Bear markets usually see multiple false start rallies before the bottom is actually reached.
The FTSE 100 rose by 9.1% yesterday (24 March), its second best day on record, according to data from Refinitiv.
The rally has continued today (25 March), with the FTSE 100 up roughly 5% (at the time of writing, 9am). The blue-chip index is now at its highest level in almost two weeks.
Among the best performers were miners and oil companies, both of which had been among the hardest hit since the start of the market declines.
There are several reasons behind this renewed optimism from markets. First, Italy recorded a smaller increase in coronavirus cases for the second day in a row, suggesting measures to contain the outbreak of the virus are helping.
Most importantly, however, was the US Senate finally agreeing on a fiscal stimulus plan to counter the economic impact of coronavirus. Worth 9% of US GDP (as measured in 2019), the plan includes loans and support for businesses, a direct payment of $1,200 to Americans not deemed "higher-earners" and an increase in unemployment benefits. On Monday (23 March), the US Federal Reserve also announced unprecedented measures to support the US economy, including unlimited quantitative easing and lending directly to non-financial companies.
US markets clearly welcomed all this, with the S&P 500 staging its largest rally in 12 years, gaining almost 10%. Meanwhile, the Dow Jones saw its biggest gain since 1933, with gains of over 11%.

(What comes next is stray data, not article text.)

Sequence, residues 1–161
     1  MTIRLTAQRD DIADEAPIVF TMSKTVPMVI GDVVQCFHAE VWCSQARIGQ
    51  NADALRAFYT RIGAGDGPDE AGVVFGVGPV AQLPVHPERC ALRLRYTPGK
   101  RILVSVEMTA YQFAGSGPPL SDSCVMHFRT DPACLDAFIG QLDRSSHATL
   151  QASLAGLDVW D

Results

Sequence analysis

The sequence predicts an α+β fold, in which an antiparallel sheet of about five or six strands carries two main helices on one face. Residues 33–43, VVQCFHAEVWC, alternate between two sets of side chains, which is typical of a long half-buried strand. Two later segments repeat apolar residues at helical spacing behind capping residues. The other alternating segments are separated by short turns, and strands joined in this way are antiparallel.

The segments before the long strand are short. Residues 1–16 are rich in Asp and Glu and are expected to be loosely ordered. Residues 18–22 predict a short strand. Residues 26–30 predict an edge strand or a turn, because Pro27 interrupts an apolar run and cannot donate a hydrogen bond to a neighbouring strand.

Meanwhile, Europe’s Stoxx 600 gained 8.4%, its third-best day on record, partially on the back of European finance ministers seeming to agree to a plan to let countries borrow roughly 2% of GDP from an emergency fund to deal with the crisis.
So with stocks around the world extending historic rallies, is the worst of the coronavirus market turmoil behind us? History would suggest not, with previous bear markets often seeing false start rallies multiple times before the bottom is actually reached.
As the table below shows, yesterday’s rally on the FTSE 100 was the second best on record. All the other best days, however, were in late 2008 during the midst of the financial crisis turmoil. It wasn’t until March that markets finally found the bottom and staged a sustained rally.
The story is similar in the US. The Dow Jones managed to gain 12.3% on 30 October 1929, shortly after the initial start of Wall Street Crash. The market saw several more double-digit gain days in the 1930s that were soon wiped out. For example, on 6 October 1931, US president Herbert Hoover announced a plan to deal with the solvency of the US banking system, resulting in the Dow rallying by a whopping 14.9%. The crisis, however, was far from over.
Likewise, during October 2008, the Dow saw two separate days when it rallied by above 10%. Again, the bottom the still a few months away.
Each market is, of course, different. However, owing to the unpredictability of the coronavirus and the fact that it is still spreading at a rapid pace globally, yesterday’s gains may go down in history as another false start in a longer bear market.